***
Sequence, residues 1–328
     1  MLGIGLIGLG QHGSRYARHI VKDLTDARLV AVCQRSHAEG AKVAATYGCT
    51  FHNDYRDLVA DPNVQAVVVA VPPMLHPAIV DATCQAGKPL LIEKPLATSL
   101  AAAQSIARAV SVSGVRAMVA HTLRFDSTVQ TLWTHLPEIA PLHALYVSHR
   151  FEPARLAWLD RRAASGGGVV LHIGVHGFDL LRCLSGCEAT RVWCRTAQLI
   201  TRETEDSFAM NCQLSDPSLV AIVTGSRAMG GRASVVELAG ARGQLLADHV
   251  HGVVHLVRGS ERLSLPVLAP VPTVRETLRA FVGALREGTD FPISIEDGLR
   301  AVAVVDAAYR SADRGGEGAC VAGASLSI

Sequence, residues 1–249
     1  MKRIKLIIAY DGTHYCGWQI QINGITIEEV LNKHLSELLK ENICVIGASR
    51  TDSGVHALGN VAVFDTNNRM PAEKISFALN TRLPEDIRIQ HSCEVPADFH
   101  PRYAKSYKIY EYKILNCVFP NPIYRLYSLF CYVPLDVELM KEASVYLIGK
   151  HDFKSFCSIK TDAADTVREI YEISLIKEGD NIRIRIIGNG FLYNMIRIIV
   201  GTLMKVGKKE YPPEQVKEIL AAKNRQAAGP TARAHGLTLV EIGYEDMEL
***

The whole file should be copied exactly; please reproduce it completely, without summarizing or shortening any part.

Sequence, residues 1–328
     1  MLGIGLIGLG QHGSRYARHI VKDLTDARLV AVCQRSHAEG AKVAATYGCT
    51  FHNDYRDLVA DPNVQAVVVA VPPMLHPAIV DATCQAGKPL LIEKPLATSL
   101  AAAQSIARAV SVSGVRAMVA HTLRFDSTVQ TLWTHLPEIA PLHALYVSHR
   151  FEPARLAWLD RRAASGGGVV LHIGVHGFDL LRCLSGCEAT RVWCRTAQLI
   201  TRETEDSFAM NCQLSDPSLV AIVTGSRAMG GRASVVELAG ARGQLLADHV
   251  HGVVHLVRGS ERLSLPVLAP VPTVRETLRA FVGALREGTD FPISIEDGLR
   301  AVAVVDAAYR SADRGGEGAC VAGASLSI

Sequence, residues 1–249
     1  MKRIKLIIAY DGTHYCGWQI QINGITIEEV LNKHLSELLK ENICVIGASR
    51  TDSGVHALGN VAVFDTNNRM PAEKISFALN TRLPEDIRIQ HSCEVPADFH
   101  PRYAKSYKIY EYKILNCVFP NPIYRLYSLF CYVPLDVELM KEASVYLIGK
   151  HDFKSFCSIK TDAADTVREI YEISLIKEGD NIRIRIIGNG FLYNMIRIIV
   201  GTLMKVGKKE YPPEQVKEIL AAKNRQAAGP TARAHGLTLV EIGYEDMEL